Understanding the excited state properties of molecules provides insights into how they interact with light. These interactions can be exploited to design compounds for photochemical applications, including enhanced spectral conversion of light to increase the efficiency of photovoltaic cells. While chemical discovery is time- and resource-intensive experimentally, computational chemistry can be used to screen large-scale databases for molecules of interest in a procedure known as high-throughput virtual screening. The first step usually involves a high-speed but low-accuracy method to screen large numbers of molecules (potentially millions) so only the best candidates are evaluated with expensive methods. However, use of a coarse first-pass screening method can potentially result in high false positive or false negative rates. Therefore, this study uses machine learning to calibrate a high-throughput technique (xTB-sTDA) against a higher accuracy one (TD-DFT). Testing the calibration model shows a ~6-fold decrease in error in-domain and a ~3-fold decrease out-of-domain. The resulting mean absolute error of ~0.14 eV is in line with previous work in machine learning calibrations and out-performs previous work in linear calibration of xTB-sTDA. We then apply the calibration model to screen a 250k molecule database and map inaccuracies of xTB-sTDA in chemical space. We also show generalizability of the workflow by calibrating against a higher-level technique (CC2), yielding a similarly low error. Overall, this work demonstrates machine learning can be used to develop a both cheap and accurate method for large-scale excited state screening, enabling accelerated molecular discovery across a variety of disciplines.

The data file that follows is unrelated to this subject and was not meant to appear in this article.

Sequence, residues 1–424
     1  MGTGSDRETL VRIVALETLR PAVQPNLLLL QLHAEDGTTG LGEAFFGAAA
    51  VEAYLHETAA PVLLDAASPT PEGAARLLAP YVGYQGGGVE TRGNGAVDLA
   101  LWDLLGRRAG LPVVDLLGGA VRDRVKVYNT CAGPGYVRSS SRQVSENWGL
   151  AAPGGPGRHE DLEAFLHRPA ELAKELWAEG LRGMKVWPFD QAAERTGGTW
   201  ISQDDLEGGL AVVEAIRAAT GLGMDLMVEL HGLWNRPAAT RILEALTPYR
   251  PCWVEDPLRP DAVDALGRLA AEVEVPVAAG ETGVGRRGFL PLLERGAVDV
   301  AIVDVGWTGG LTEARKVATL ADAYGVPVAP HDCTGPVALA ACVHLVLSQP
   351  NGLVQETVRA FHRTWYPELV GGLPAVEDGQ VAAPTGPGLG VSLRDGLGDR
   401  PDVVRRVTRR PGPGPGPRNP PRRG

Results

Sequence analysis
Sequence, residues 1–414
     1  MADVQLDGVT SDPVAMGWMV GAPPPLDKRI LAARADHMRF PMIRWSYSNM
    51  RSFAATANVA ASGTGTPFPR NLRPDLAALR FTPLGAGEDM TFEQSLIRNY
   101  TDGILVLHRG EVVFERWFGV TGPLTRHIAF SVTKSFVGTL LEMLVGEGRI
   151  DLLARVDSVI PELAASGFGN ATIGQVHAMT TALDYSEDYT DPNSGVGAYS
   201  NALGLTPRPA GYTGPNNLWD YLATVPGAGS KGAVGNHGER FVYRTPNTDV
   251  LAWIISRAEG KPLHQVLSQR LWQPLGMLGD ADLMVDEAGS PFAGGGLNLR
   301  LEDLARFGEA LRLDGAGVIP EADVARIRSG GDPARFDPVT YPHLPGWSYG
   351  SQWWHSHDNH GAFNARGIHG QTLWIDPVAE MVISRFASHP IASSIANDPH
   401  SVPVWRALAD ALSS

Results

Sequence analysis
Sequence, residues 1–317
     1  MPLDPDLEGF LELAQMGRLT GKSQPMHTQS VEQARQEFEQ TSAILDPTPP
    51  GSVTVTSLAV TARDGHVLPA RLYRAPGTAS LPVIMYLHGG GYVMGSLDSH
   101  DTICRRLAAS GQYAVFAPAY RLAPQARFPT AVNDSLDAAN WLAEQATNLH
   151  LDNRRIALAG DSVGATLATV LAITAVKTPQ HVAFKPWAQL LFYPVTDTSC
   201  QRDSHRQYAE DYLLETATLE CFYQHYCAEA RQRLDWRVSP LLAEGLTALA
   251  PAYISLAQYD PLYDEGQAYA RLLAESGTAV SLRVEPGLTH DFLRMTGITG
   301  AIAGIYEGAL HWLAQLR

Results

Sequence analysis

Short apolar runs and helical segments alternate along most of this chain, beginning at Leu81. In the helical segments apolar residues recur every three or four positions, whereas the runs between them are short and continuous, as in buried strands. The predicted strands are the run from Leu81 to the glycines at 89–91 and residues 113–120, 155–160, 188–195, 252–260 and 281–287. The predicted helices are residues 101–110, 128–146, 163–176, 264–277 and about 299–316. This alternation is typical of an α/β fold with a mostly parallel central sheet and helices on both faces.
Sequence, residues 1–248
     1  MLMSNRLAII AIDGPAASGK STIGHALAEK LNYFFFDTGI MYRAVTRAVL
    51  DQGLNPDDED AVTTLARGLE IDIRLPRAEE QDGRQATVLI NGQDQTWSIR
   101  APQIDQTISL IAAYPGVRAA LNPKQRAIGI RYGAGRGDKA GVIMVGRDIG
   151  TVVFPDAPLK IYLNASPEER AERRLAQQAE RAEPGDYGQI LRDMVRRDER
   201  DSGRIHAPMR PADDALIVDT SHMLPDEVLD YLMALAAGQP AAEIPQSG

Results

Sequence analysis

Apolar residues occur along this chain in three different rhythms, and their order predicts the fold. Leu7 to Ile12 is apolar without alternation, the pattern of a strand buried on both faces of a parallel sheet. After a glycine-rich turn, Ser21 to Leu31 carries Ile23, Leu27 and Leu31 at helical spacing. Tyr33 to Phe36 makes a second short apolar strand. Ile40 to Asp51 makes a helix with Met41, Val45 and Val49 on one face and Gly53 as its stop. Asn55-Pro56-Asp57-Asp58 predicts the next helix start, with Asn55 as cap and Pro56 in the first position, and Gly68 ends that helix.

We have added various details to make the paper clearer. We have included references to the delta-ML approach the paper was based on. We re-made Figure 2 to include all training and test datasets. We included additional cross-validation results for the training datasets. We included a comparison of direct vs. delta ML models for the 300k training set. We included additional analysis for the HTVS results section, and for the xTB-sTDA error subsection. Finally, we added additional ML analysis to the CC2 results section, including a transfer learning model and a B3LYP to CC2 calibration model, to help improve the accuracy of xTB calibrations.
Supplementary Information for "Machine learned calibrations to high-throughput molecular excited state calculations"